This mad-scientist look-alike proceeded to pepper me with thoughtful questions about our business. The result was an impromptu Q&A.

 

estate saleQ. How does consignment differ from an estate sale?

A. An estate sale typically is a one, two or three-day event in which the contents of a house are sold. Sellers often hire a professional to appraise the contents and conduct the sale. A professional typically takes a percentage of the net proceeds as a fee, generally 35%.

  When you consign with Furniture Consignment Gallery, we remove the furniture from your home and sell it in our showroom. Your furniture is displayed artfully in our showroom with other quality items.

 

Q. Why would we choose consignment over an estate sale?

A. Some sellers like the idea of unloading their describe the imageunwanted items quickly in a weekend estate sale. Others don't like the thought of letting the public or their nosy neighbors poke around inside their homes. Consignment means you don't have to sacrifice your privacy to sell your furniture.

 

Q. Have you ever discovered a 'lost treasure' that turned out to be worth millions?

A.  So you think you have a Rembrandt in the attic? Television shows such as "Storage Wars" and "Pawn Stars" are sparking fantasies like that among sellers, but that's just what they are - fantasies.

  Rarely does a seller pluck something from the cellar that turns out to be worth millions. Most people know the value of their possessions. They know the age and historical provenance of items that are valuable. Such items typically are sent to auction houses that specialize in valuable antiques.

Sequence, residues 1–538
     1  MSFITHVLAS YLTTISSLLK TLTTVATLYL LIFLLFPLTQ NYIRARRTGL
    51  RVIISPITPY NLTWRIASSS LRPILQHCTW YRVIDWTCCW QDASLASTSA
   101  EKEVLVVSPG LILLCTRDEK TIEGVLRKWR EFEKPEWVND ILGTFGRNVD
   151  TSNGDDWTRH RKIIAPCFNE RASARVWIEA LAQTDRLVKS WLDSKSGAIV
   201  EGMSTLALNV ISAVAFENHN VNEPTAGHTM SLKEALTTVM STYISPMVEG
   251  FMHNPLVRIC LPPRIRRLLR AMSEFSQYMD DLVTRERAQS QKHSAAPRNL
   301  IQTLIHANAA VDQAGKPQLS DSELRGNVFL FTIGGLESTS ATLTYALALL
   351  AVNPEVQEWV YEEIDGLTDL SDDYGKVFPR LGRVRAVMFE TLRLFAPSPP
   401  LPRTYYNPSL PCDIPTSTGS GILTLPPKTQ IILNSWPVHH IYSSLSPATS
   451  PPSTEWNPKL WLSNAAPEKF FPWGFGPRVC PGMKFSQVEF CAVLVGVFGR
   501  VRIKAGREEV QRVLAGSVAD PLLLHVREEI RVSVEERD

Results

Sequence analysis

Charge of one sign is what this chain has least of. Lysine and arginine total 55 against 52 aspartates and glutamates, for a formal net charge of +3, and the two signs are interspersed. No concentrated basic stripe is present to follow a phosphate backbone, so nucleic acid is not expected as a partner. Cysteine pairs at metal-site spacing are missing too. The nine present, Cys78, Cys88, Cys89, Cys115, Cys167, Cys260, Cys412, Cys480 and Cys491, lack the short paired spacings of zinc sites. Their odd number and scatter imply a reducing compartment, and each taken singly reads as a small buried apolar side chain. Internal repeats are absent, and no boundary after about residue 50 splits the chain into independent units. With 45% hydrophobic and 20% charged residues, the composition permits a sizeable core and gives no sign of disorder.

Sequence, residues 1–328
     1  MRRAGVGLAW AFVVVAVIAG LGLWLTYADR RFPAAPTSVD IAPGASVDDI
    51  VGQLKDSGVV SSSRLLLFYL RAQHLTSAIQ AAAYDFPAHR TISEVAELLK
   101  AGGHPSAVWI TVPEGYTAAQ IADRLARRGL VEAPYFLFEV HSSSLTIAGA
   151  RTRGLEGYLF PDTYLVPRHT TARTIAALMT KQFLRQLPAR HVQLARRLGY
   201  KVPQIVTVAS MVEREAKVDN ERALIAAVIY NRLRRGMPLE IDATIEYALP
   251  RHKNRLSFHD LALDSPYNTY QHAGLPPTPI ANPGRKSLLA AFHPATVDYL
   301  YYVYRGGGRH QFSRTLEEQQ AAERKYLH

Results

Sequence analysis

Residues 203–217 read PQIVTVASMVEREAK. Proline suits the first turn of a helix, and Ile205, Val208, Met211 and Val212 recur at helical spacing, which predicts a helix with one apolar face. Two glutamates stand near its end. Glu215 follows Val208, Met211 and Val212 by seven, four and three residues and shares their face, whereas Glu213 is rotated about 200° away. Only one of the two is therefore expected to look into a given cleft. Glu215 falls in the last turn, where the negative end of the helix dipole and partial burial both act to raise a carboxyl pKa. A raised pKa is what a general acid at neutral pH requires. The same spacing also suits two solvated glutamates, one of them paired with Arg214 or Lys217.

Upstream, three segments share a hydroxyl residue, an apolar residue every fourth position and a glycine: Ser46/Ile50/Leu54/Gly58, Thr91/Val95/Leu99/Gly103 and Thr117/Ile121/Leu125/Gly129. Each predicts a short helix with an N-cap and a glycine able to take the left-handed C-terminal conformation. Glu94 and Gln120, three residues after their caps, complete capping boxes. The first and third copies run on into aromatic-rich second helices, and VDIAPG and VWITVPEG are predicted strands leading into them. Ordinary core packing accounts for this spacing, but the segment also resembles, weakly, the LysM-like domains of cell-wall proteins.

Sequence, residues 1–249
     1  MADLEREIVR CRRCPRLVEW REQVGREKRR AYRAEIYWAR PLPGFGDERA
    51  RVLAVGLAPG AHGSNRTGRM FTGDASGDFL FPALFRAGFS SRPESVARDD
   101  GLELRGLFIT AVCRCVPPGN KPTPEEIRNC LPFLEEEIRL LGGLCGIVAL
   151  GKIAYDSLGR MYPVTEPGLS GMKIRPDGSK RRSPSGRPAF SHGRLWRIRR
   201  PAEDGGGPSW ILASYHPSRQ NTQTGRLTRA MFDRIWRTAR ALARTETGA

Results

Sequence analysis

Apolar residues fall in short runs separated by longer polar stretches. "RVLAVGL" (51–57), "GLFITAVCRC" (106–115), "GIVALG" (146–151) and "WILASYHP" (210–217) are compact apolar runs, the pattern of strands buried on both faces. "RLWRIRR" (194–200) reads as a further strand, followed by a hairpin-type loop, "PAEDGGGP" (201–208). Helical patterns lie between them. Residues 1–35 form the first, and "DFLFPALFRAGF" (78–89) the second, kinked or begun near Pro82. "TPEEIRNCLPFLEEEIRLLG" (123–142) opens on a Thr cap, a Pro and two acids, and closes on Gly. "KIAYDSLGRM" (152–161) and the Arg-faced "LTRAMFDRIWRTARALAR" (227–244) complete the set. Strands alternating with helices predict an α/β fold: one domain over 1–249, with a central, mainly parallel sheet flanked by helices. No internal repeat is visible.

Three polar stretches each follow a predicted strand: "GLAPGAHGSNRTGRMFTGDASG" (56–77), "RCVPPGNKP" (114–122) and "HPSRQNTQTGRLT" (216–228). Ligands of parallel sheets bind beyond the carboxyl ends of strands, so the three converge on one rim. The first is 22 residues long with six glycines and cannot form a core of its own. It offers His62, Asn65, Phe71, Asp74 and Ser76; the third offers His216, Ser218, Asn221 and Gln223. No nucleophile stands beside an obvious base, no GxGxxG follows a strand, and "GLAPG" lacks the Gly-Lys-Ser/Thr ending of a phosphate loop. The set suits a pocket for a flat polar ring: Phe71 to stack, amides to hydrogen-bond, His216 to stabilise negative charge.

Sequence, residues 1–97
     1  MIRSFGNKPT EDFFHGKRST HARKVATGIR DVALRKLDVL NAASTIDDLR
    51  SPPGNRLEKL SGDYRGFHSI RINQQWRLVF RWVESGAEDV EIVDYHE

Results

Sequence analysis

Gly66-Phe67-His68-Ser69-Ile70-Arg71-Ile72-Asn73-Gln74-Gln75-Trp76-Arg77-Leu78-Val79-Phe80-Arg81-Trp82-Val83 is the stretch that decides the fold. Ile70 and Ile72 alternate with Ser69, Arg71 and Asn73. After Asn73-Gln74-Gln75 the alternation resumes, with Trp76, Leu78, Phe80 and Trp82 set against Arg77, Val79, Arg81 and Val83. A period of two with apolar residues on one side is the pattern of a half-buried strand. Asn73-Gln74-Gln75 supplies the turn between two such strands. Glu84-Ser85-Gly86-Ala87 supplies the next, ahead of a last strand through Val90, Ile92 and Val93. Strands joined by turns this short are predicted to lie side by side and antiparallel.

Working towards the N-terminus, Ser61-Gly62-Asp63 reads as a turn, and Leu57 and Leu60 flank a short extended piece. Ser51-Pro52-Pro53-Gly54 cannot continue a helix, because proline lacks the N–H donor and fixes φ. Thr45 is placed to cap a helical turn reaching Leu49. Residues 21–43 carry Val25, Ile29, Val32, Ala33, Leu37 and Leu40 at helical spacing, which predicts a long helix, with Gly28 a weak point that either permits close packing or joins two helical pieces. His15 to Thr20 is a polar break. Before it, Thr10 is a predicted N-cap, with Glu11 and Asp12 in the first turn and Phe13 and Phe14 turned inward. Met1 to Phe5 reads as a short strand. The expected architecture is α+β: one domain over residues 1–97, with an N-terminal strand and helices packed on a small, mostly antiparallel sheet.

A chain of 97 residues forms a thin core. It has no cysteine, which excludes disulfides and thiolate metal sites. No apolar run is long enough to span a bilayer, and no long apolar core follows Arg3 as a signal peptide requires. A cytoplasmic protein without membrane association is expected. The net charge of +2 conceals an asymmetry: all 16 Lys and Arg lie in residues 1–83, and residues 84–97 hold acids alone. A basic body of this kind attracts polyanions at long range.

Q. Do you travel to the countryside and scour old barns for heirlooms?

A. Honestly, we don't have the time to do a lot of archaeological work to stock our showrooms. We handle high-quality, name brand furniture that is generally less than twenty years old.  Sifting through an old barn for a jar that might bring a few bucks isn't really our business.

 

     After we wrapped up our chat, the sailor took a sweeping glance of our showroom as if he was scanning open water for whales or mermaids. For just a moment, he looked wistful. "This furniture is really beautiful," he said. "Sometimes, I miss having a home..."

     I suppose it is human nature to always yearn for what you don't have. I was ready to stowaway on his boat when he described the scarlet sun sinking into the horizon, its reflection radiating across the blue ocean.

      I may be living my dream here at Furniture Consignment Gallery, but I'd sure like to take to the sea someday like this old salt. Might even trade a dresser or two to make it happen.

Topics: Furniture Consignment Boston, Furniture Consignment Hanover, Furniture Consignment Newton, Furniture Consignment Gallery in Hanover, Furniture Consignment, Furniture Consignment Gallery Newton, Furniture History

Furniture on the Move

Posted by Jay Frucci on Fri, February 24, 2012 @ 02: 08 PM

     moving truck6:35 AM Today:  "As of last night at 7:00PM papers are signed, and more importantly money is finally down!! I would like to proceed with consigning the furniture -- if that is alright with you. Are you available on March 2nd?"  

     All week long we have been fielding calls from customers eager to schedule furniture pick-ups. The signs are there that the Spring real estate market is coming in like a Lion!  "As soon as we have the sales agreement in hand, you can come get the furniture" says one, happy to be setting off on a long-anticipated retirement adventure consignor. Another is joyfully moving into a new home. "We move on March 6th. Can you sell our old dining room set? It is too big for the new dining room. And I found a new set in your showroom that will fit the new house perfectly!"